Most comic book reviews are aimed at an audience of comic book fans; however, as most of you know by now, I always write with the assumption that my readers ... Read More
Apollo's Song (Parts I & II) by Osamu Tezuka
Apollo's Song (Part I and Part II) by Osamu Tezuka is a imaginative tale of out-of-body experience, time travel, fantasy, science fiction, mythology and love, all by the God of Manga himself. If you've never heard of Osamu Tezuka, you are missing out. He's best known in the United States for Astro Boy, his very early comic-turned-anime that was broadcast in the U.S. as a Japanese-import English-dubbed cartoon. Unfortunately, as great as Astro Boy is, it represents Tezuka's early work aim... Read More
The Unwritten: Tommy Taylor & the Bogus Identity (Vol 1) by Mike Carey (writer) & Peter Gross (artist)
The Unwritten by Mike Carey is one of the best current series being published right now. It is one of the few titles put out by Vertigo — DC's mature line of comics — that has kept Vertigo from losing its respected place in the world of comics. Vertgo was started by Karen Berger with Neil Gaiman's wonderful Sandman stories, and many of my favorite comics have come out with the Vertigo label on them. However, in recent years, Vertigo has lost its edge for the most part except for a few excellent works like Fab... Read More
Bone by Jeff Smith
This review is my 50th column for Fanlit, so I want to mark this personal milestone by writing about the most important epic fantasy comic in existence. I know a few people might argue with me, but only a few. There's a general consensus that Bone by Jeff Smith is not only the best epic fantasy comic, but possibly the ONLY epic fantasy comic depending on how you define "epic fantasy." All arguments are minor quibbles as far as I'm concerned because none of them would call into question the high quality and staggering brilliance of Bone. Personally, I don't feel like I'm exaggerating at all when I say that Bone is The Lord of the Rings of comic books, and if you like epic fantasy, you should feel that Bone is as much required reading in the genre as is The Lord of the R... Read More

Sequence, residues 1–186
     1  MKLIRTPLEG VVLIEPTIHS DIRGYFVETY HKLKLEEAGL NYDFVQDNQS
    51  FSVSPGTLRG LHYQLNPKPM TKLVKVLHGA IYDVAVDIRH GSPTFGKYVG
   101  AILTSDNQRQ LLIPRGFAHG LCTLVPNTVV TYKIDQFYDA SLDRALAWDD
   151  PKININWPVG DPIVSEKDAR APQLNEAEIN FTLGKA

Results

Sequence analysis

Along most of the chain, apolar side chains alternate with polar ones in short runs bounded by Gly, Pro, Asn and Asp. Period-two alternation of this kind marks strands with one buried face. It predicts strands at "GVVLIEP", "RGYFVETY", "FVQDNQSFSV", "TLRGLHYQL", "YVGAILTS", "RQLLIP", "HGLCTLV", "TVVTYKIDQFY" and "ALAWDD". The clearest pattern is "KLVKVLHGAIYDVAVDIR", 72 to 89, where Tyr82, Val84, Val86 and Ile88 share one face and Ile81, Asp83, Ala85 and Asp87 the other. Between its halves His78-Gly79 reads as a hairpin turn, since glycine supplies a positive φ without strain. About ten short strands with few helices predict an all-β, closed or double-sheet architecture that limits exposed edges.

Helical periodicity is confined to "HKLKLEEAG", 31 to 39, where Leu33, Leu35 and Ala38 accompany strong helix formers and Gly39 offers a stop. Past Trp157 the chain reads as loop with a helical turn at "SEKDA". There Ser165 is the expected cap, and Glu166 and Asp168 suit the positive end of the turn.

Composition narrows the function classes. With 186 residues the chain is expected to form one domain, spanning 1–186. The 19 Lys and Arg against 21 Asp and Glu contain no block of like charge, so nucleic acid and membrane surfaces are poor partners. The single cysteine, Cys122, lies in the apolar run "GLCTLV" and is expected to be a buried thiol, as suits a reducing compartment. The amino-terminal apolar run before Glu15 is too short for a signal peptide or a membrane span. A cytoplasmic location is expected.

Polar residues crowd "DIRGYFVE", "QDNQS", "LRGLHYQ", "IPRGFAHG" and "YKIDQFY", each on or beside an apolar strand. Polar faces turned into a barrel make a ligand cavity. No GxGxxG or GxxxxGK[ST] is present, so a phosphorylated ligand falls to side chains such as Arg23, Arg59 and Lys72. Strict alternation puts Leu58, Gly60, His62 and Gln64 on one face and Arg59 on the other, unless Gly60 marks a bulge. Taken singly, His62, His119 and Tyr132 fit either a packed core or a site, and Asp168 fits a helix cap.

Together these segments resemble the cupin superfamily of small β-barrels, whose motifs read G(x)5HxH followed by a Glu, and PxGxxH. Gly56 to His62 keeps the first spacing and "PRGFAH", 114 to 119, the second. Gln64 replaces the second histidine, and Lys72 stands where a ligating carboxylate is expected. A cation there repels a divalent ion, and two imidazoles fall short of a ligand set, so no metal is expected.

Ikigami: The Ultimate Limit, Volume 1 by Motoro Mase (Story & Art) or "How to Read Manga, Pt 1"
Though I haven't read too much manga — pronounced "mahn-gha," in case you were wondering — I am starting to acquire a taste for it. I think part of my problem was trying to read it slowly like I do American comics (and like I recommend in my essay here on FanLit, "How To Read Comics"). Watching my daughter devour quickly the entire 20-volume set of Bakuman, an excellent manga about the creation and culture of manga in Japan, I started wondering how she did it (and she wasn't merely skimming; her recall of det... Read More
Foiled by Jane Yolen (writer) and Mike Cavallaro (illustrator)
The past few weeks I've been spending time writing reviews that focus on new Monthly Comics I think would make good entry points for new comic book readers who have never had pull lists, and I have several more new comics I want to promote. The end of 2013 is an excellent time to be a new reader of comics. However, I must break this series on Monthly Comics because I just read a graphic novel too good for me not to immediately write a review of it: Foiled, written by Jane Yolen and illustrated by Mike Cavallaro. Foiled is clearly a five-star book, and I want to say in the first paragraph in case anybody stops reading here: Buy this book and it's sequel — Curses!... Read More
SIDEKICK by J. Michael Straczynski
For a few weeks I've been introducing you to some excellent new comics that are just beginning. Last week I talked about TEN GRAND by JMS (J. Michael Straczynski) and this week I’ll talk about his new comic SIDEKICK. There are four issues of TEN GRAND out so far, but only one issue of SIDEKICK; therefore, though I can say for sure that I'm completely sold on TEN GRAND, I'm less sure about SIDEKICK. However, issue #1 is fairly amusing. Do not buy it for your young kids, though. Like TEN GRAND, it is for older readers. SIDEKICK is making fun of a long history of comics aimed at kids.